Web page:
Down in Veyo, a tiny log cabin town at the foot of the mountains (gas: expensive), dogs ride in the backs of trucks next to hay and baling wire. I left the main road, which leads to St. George, and took a windy narrow road down through Gunlock and across the Santa Clara River again. Down here the big cottonwoods along the river are just beginning to green up. On a straight stretch in the road I look down at my dash-mounted altimeter: 3,500 feet above sea level! I have to think hard to remember the last time I drove to an elevation this low. (Yikes! The air down here is heavy.)
Fifty-five minutes after leaving the trailhead in the mountains - literally, 55 minutes - I pull the truck off the road. Just up ahead there is a bump in the pavement. Arizona.
This is one of the great oddities of Utah. Less than an hour ago I was on skis in the Pine Valley Mountains and in two feet of snow. There were icicles in the trees. Now, as I unload the back of the truck to find a pair of shorts, I set my still-wet skis and ski boots down on ground that in a snowy decade might see two inches of snow. The jugs of water in the truck still have ice floating in them. The sleeping bag is still cold.
This is the Mojave. Specifically, this is the Beaver Dam Wash, just about the lowest spot in Utah at about 2,800 feet. (The lowest spot is a few miles to the west, actually at the bottom of the wash, which the western word for a stream that almost never has any water in it.) The pines, junipers and fir trees of the Pine Valley Mountains are long gone. Down here we have cholla, barrel cactus and Joshua trees.
Now, Joshua trees, Yucca brevifolia, are about the last tree in the world you would associate with Utah. Found only in this tiny corner of the state, Joshua Trees can live to be 200 years old. Early Mormon settlers called them 'Joshua' because they seem to lift their arms in praise as did the Biblical Joshua. On the Beaver Dam slope, which leads downhill to Arizona and Nevada, old trees stand on desert slopes like patriarchal grandfathers, frazzled with arms and tufted, yellowed sharp leaves. Young plants consist of a single stem which has one growing point. After it produces a flower stalk, that point dies and the stem does not grow any more. But the plant responds by branching - by sprouting a new stem near the tip of the old one.
The Joshua Tree is home to as many as 25 different species of birds. Scott's orioles hang their nests from the short, stiff leaves. Northern flickers excavate nest holes in the trunks, which other birds later occupy. Fallen branches, as they decay, are consumed by termites, which in turn are eaten by night lizards, who live under the protective cover of the Joshua tree bark.
Next to the Joshua trees in this sublime afternoon sun are clusters of sweet-smelling creosote and desert agave. The agave, often found in the shadows of the Joshua tree here on the Beaver Dam slope, live most of their life as a low cluster of leaves. Then, once about every 30 years, a flowing stalk shoots up about ten feet in the air in a brilliant display of flowers and humming bees. Then, after the season is over, the stalk withers and yellows and the plant is done flowering. Early settlers thought, though, that this flowering occurred only once every century, and the agave is commonly called a 'century plant' due to this misnomer.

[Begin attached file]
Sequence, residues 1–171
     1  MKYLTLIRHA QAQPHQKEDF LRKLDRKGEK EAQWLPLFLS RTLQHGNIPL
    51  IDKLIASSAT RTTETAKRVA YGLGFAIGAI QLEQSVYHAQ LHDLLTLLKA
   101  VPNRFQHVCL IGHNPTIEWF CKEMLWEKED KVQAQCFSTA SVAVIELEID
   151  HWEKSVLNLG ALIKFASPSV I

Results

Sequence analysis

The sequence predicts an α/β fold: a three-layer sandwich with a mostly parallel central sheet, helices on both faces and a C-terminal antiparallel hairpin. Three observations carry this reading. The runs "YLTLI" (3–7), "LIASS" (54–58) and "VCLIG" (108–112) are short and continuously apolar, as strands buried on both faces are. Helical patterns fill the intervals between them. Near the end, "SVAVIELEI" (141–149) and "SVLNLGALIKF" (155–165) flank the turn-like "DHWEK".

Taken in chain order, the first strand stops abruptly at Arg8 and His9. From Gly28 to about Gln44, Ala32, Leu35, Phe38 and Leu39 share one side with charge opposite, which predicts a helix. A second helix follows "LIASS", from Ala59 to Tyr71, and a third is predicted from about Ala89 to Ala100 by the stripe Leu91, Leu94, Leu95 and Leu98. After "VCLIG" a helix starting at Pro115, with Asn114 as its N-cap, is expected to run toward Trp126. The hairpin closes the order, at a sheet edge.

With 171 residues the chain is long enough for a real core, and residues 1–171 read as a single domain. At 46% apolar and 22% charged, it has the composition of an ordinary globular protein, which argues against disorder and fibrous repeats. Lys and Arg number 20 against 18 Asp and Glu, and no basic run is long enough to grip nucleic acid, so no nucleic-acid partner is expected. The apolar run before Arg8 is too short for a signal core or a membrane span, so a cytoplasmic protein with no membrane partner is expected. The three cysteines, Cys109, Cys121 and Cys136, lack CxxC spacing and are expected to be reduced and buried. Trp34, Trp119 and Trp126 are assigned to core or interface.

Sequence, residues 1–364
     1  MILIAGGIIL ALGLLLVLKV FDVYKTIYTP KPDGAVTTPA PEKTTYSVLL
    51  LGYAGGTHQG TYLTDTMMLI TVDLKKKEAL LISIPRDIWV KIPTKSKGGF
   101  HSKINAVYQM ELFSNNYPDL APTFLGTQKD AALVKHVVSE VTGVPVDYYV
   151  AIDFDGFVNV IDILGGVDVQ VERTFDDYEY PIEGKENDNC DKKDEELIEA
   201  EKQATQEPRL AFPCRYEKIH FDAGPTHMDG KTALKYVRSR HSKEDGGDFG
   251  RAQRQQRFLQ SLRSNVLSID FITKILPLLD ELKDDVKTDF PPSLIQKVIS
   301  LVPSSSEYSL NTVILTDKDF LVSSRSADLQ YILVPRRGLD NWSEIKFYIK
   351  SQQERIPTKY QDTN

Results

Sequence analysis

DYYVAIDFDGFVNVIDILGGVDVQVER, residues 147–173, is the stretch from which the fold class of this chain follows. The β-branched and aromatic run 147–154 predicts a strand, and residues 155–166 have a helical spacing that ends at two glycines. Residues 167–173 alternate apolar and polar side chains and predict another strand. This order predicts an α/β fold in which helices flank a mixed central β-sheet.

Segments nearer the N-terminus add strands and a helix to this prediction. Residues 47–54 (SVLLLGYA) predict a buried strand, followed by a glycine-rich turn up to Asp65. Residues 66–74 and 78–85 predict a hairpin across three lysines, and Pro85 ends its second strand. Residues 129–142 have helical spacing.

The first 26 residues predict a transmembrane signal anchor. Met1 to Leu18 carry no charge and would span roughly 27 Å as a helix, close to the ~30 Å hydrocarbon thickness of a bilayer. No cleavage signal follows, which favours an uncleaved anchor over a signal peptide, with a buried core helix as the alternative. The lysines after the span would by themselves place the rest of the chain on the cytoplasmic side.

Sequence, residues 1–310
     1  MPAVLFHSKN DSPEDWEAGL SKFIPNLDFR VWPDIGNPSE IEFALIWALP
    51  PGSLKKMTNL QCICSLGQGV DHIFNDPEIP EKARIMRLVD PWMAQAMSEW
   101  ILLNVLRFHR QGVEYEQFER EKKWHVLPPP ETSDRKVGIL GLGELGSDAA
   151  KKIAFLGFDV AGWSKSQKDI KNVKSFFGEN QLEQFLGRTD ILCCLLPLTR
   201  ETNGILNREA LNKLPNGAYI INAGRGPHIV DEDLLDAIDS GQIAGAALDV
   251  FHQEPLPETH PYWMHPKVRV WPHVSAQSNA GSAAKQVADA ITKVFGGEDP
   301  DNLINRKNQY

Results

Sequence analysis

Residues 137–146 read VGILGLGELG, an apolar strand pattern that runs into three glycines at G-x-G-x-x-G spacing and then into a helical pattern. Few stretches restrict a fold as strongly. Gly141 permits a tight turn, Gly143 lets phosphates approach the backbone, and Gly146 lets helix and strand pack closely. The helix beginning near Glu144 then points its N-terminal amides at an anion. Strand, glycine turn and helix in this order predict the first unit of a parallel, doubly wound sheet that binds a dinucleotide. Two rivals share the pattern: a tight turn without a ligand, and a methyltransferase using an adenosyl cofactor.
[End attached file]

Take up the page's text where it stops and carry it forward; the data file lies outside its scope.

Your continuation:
The other showy desert plant on the Beaver Dam is the cholla. Word to the unwise: Don't come anywhere near the cholla. A fight is sure to ensue and you will lose. Reaching as high as ten feet, this bright beautiful plant has a bad reputation for ending up stuck to clothes or animals. This, in fact, is how the plant disperses itself from place to place. The cholla, Opuntia fulgida, proliferates by means of fallen joints and can form vast thickets, especially further south in Arizona. Porter, thankfully, steered clear.
Hmmm, 96 Miles to Vegas
The entire southwestern slope of the Beaver Dam Mountains is a complex biological community found nowhere else in the state, part of it due to its low elevation and part to the proximity of the Great Basin and Colorado Plateau, each of which offer their own plant and animal species. This small slice of the Mojave Desert is also home the desert tortoise, who can live for decades, plus peregrine falcons, a few Gila monsters, iguanas, rattlesnakes and night lizards.
It is really a stunning, slanted-sun afternoon, warm and comforting. My nose, numbed by six months of winter, is being slowly activated by the surrounding 5,000 acres of creosote. I get out of the truck and walk up to this green sign along the road. It says, Las Vegas 96. It's been a long time since I was in Las Vegas. It's only 5:30. I turn the truck off so it's real quiet then turn the radio on and hit scan. A half-dozen Las Vegas radio stations beaming across the desert come in crystal clear. 'Extreme Radio 107.5' The city is a draw. But I turn the truck back around and go to find a camping spot in the desert behind me.